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The nations of the world recognize the importance of progress in science and technology to economic and military strength. This recognition is a strong stimultant in their promotion of industrial research, development, and production; in their support of basic research underlying such efforts; and in their provision for training of scientists and engineers. All of them recognize that technological accomplishment depends on skill and experience in production, supported by applied research and development sufficiently financed, resting on a strong foundation of basic research. To these ends, an adequate and continuing supply of competent scientists, engineers, and technicians is indispensable. Our technology is strong in experience and preparedness to cope with sudden and large demands upon it, both industrial and military. Its facilities are advanced, efficient, and extensive, and there is no lack of drive and energy in putting them to work. Our weakness has been in developing a suf% cient number of adequately trained scientists and engineers, and in providing sufficient support for those capable of doing the basic research needed for technological advancement. The shortage of such personnel is critical. Our educational system has established a truly remarkable record in providing general training for our children through high school. However, for the purpose of training scientists and engineers or, for that matter, other professional specialists, this record is spoiled in the transition from secondary school to college- about half our ablest young people do not go on to college. Contrary to popular opinion, the chief difficulty appears to be primarily not financial, but rather a lack of motivation toward pursuing further education, or a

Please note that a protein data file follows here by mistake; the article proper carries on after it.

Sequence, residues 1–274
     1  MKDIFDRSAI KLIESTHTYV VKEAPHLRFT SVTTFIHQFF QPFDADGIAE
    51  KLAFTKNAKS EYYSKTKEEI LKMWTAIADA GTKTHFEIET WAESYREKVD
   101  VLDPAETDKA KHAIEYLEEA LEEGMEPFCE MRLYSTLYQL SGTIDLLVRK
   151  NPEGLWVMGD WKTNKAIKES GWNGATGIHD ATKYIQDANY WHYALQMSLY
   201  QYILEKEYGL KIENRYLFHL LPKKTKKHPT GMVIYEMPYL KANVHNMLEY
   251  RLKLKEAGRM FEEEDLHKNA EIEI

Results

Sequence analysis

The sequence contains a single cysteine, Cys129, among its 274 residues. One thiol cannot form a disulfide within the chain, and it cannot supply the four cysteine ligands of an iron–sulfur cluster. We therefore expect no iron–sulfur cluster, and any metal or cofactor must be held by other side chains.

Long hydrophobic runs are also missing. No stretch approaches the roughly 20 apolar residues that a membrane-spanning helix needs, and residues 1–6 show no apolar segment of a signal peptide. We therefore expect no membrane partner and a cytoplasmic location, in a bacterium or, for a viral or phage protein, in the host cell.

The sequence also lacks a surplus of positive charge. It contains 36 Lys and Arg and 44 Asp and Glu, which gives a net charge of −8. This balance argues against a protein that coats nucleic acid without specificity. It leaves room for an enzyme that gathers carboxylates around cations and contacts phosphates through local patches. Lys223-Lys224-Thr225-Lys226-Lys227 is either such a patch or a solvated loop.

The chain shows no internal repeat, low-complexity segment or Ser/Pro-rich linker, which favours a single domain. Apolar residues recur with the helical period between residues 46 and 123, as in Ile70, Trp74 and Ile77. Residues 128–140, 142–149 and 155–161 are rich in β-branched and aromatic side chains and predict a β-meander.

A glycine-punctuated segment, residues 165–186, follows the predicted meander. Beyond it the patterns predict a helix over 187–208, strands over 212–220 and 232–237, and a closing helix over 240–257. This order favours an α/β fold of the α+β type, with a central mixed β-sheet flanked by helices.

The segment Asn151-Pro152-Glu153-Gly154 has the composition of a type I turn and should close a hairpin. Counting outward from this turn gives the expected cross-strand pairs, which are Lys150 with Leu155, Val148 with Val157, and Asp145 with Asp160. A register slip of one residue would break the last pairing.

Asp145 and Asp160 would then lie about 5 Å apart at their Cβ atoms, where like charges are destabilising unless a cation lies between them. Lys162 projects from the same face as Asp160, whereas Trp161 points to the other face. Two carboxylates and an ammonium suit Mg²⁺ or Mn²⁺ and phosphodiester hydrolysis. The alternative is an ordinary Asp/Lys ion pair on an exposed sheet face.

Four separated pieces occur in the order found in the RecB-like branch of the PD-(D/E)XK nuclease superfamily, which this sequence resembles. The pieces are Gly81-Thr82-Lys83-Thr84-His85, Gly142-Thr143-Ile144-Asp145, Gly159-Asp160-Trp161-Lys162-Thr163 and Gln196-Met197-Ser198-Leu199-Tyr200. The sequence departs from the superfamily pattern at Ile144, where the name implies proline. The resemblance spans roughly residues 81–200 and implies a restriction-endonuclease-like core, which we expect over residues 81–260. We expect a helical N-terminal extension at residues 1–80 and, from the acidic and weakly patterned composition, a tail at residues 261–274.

d,eliberate choice in favor of an immediate job which will provide a satisfactory income and a promising future. There is thus a need for improved counselling of high school students. Lack of interest or motivation in the sciences and engineering is but one’part of a much larger problem. The potentialities of a college education in developing skills and aptitudes for most professional careers are simply not understood. Managers of technical industries know that the years of specialization in science and engineering lead to more rapid advancement and to far more opportunities in rewarding employment. We must emphasize that making the most of one’s opportunities to deveIop professional aptitudes is in the best interest of the individual and in the best interest of society. He who aspires to a successful career in the fields of science and technology must now, more than ever before, be thoroughly. grounded in the fundamental sciences underlying his specialty so that he may keep pace with the increasingly rapid advances in technology. In the American economy, the need to develop professional competence extends across all fields of knowledge, whether in the arts or in the sciences. However, the need is particularly critical today in science and engineering. Shortages here directly affect, in immediate practical ways, our capabilities for defense and for the industrial progress so necessary to our strength and welfare. The widely publicized need for scientific and engineering manpower is beginning to evoke the interest in young people in such careers. If the current demand continues and strong efforts are exerted to Cll these needs, the output of trained scientists and engineers will markedly increase. However, these increasing numbers may be expected to be more interested in research and the practice of science and engineering than in teaching, although it is obvious that more and better qualified teachers are needed to keep up with the growing numbers of students. To provide the teachers poses a difficult problem. To incline the younger generation towards a teaching career in science can hardly be successful, until such a career is attractive in terms of salary and professional prestige.